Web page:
Plumbatarii or Plumbata is what it’s called and it’s described as an iron dart. Until I got my current issue of Ancient Warfare magazine vol 4, issue 3, I didn’t fully appreciate its use historically.
Some of you may not be old enough to remember but back in the 70’s there was an outdoor back yard game you could play called lawn darts. The concept was similar to horse s***s you through the darts under arm in a lob ball fashion and tried to get them as close to or in the ring itself.
The game was discontinued due to too many fatalities because of the pointed ends.
This weapon does belong in the missile category but has some unique characteristics which made it very popular in the late Roman army. For starters you through it under hand lob ball style.
The reason for this is simple, the design of the weapon. It was roughly 18” long give or take. It had a wooden shaft for the handle and below that was it was fletched with two flights 180 degrees apart. It was then attached to an iron shank through either socket or tang fitting. In the middle of the dart where they joined was the lead weight and on the pointy end of the dart was barbed head.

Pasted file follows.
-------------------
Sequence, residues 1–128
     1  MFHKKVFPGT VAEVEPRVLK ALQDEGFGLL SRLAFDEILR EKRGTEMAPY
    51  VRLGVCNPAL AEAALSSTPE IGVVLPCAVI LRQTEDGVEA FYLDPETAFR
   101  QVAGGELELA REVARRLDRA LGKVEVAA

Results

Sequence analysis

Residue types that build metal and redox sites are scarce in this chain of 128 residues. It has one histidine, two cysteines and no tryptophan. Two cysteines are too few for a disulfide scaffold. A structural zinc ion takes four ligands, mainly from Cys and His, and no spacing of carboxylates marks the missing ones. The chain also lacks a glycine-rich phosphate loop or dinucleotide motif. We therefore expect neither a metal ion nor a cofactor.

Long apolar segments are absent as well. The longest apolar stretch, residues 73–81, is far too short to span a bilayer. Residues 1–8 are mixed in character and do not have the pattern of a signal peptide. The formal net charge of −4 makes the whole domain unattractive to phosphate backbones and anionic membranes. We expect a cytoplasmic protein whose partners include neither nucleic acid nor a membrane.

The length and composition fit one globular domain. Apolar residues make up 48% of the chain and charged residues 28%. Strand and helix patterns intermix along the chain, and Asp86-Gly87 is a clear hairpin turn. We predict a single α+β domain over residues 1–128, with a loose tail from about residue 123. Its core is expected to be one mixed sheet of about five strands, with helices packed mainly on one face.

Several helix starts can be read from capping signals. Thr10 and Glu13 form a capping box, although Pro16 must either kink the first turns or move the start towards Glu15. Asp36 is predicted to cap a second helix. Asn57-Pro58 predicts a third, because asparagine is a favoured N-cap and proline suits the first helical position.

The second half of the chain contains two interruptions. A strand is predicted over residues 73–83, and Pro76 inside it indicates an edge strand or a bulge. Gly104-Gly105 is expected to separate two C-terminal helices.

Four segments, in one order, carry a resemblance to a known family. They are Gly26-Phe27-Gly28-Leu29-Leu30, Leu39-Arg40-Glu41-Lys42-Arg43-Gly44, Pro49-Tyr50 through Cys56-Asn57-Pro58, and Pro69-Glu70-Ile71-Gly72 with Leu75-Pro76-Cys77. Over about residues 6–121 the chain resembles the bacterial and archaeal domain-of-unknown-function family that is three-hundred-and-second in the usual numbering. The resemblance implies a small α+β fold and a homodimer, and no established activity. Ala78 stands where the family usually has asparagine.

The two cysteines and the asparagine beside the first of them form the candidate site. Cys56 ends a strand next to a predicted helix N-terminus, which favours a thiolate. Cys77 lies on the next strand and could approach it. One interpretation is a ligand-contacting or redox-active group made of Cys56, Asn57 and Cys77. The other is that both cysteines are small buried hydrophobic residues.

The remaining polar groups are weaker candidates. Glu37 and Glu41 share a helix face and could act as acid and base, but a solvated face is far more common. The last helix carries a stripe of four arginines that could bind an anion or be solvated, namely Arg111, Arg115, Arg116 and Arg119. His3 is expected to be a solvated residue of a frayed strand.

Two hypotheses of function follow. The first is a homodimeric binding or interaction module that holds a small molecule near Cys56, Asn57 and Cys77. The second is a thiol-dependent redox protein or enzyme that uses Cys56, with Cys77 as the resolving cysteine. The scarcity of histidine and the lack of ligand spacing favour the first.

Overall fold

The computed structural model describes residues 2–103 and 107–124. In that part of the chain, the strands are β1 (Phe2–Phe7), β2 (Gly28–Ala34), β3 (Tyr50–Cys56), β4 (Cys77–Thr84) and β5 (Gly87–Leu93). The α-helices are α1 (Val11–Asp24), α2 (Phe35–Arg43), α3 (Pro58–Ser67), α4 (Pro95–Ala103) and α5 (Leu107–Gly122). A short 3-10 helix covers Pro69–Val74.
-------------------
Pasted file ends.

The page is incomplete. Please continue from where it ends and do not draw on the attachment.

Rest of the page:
Why this weapon was was more effective then the standard pila (not sure of the spelling for that)?
It had a longer ranch, more could be carried (either in a quiver or stored in brackets inside the shield) and it has a unique trajectory once thrown. Because of the lead weight it would travel high in the air and come straight down more of less like a modern day mortar bomb.
When the time comes for Rome II to come out or what ever it’s going to be called I am hoping the PC animation simulates the throwing of the weapon in the proper fashion, under hand.
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